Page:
Chaplaincy and Spiritual Care at the Hospice
The Hospice’s new chaplain, Suzie Stark, reflects on how the chaplaincy and spiritual care team can support patients and families…
The other day I caught myself saying to someone on the ward, “I have no agenda”. Now, that is not strictly true or I would be out of a job, but there can be a problem when people hear the word ‘chaplain’. I’m not sure if there is an expectation (or fear) that we are here to preach to people or judge them. That is why, when we introduce the chaplaincy service, we reassure people that we are neither here to preach, nor to judge, that we accept each person for who they are and where they are on their own journey.
I work alongside two chaplaincy volunteers, Jan and Mike, and we are here for everyone, irrespective of an individual’s beliefs. We offer support and care to anyone who might find that helpful. Patients on the wards and in the community, their families and friends, staff and volunteers, all have access to the chaplaincy team and we respond to each person, to their own unique concerns and circumstances and offer our support if it is wanted.
The chaplaincy and spiritual care team can support you, whether you have a faith or not
For some people that support will be related to their faith; we might be asked to contact their Imam, Priest or Minister or we might ask our local Parish Priest, Father George, to come in. We might be asked for Communion, or to conduct a wedding or to assist with advice on planning a funeral.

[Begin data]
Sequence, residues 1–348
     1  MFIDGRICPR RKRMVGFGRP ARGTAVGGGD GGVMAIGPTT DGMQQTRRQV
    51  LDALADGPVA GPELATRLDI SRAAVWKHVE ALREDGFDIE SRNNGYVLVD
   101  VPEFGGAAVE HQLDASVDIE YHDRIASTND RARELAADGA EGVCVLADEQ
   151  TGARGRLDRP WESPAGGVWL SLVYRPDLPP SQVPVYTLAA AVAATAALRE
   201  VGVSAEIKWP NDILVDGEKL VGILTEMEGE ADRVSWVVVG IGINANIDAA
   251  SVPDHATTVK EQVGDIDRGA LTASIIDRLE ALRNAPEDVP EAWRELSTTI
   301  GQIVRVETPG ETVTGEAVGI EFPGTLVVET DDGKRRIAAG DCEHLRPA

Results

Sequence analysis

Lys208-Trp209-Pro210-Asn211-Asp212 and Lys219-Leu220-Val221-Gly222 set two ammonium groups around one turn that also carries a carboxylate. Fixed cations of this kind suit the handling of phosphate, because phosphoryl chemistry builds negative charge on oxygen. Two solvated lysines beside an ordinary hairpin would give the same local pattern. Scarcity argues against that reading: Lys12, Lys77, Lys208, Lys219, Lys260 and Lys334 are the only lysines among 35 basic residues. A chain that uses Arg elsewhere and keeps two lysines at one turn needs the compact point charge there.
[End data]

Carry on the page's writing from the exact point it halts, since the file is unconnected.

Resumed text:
For other people there might be the need to talk about things that weigh heavily on their mind. Often these are issues with which they might not wish to burden family and friends; worries about their illness, fears about the future; concerns for a loved one.
Sometimes people want to share their life story and it is a privilege to have the time to listen to their reminiscences. The chaplains are also part of the bereavement support team and we are involved with both pre- and post-bereavement support as well as with the Times of Remembrance events which are held two or three times each year. Sometimes we are highly visible while at other times our work is conducted quietly and in confidence.
We find ways of enabling them to continue to do things that bring pleasure or are important
At the heart of all we do are the individuals we encounter with their own unique needs, both spiritual and practical. As we get to know what makes someone tick, we find ways of enabling them to continue to do things that bring pleasure or are important: painting, sketching, knitting, card-making, using the new art room, playing the piano or spending time in the Columba Room – our beautiful, quiet, reflective space. In the day hospice we work with colleagues from the occupational therapy team and with our volunteers to assist with all manner of arts and crafts projects as we mark the changing seasons.
I try to get involved with as many Hospice activities as possible, from cheering people over the start and finish lines at A Walk to Remember, to helping at the Art Friends event, and hosting a table at the Giant Pub Quiz. As the Hospice’s Chaplain it is important to be involved in all aspects of Hospice life so that people get to know me, build a relationship and trust.
The chaplaincy team is here, alongside our many colleagues, offering additional support and care to anyone and everyone who might welcome it. And our agenda? Of course, we do have an agenda but that is set not by us, but by you, by each individual we encounter.
The chaplaincy and spiritual care team is part of the Hospice’s supportive care team. Find out more about the supportive care services we provide here.